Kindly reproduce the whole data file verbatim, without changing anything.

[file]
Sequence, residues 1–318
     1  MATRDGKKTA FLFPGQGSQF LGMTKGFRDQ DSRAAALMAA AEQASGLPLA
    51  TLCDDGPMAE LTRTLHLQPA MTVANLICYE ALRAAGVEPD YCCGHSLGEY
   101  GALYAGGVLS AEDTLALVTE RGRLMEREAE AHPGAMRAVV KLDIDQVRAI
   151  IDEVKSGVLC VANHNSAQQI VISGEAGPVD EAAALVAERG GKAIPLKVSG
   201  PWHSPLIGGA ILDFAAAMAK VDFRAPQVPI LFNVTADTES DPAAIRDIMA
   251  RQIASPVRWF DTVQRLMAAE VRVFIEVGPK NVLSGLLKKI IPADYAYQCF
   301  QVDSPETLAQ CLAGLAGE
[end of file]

Sequence, residues 1–318
     1  MATRDGKKTA FLFPGQGSQF LGMTKGFRDQ DSRAAALMAA AEQASGLPLA
    51  TLCDDGPMAE LTRTLHLQPA MTVANLICYE ALRAAGVEPD YCCGHSLGEY
   101  GALYAGGVLS AEDTLALVTE RGRLMEREAE AHPGAMRAVV KLDIDQVRAI
   151  IDEVKSGVLC VANHNSAQQI VISGEAGPVD EAAALVAERG GKAIPLKVSG
   201  PWHSPLIGGA ILDFAAAMAK VDFRAPQVPI LFNVTADTES DPAAIRDIMA
   251  RQIASPVRWF DTVQRLMAAE VRVFIEVGPK NVLSGLLKKI IPADYAYQCF
   301  QVDSPETLAQ CLAGLAGE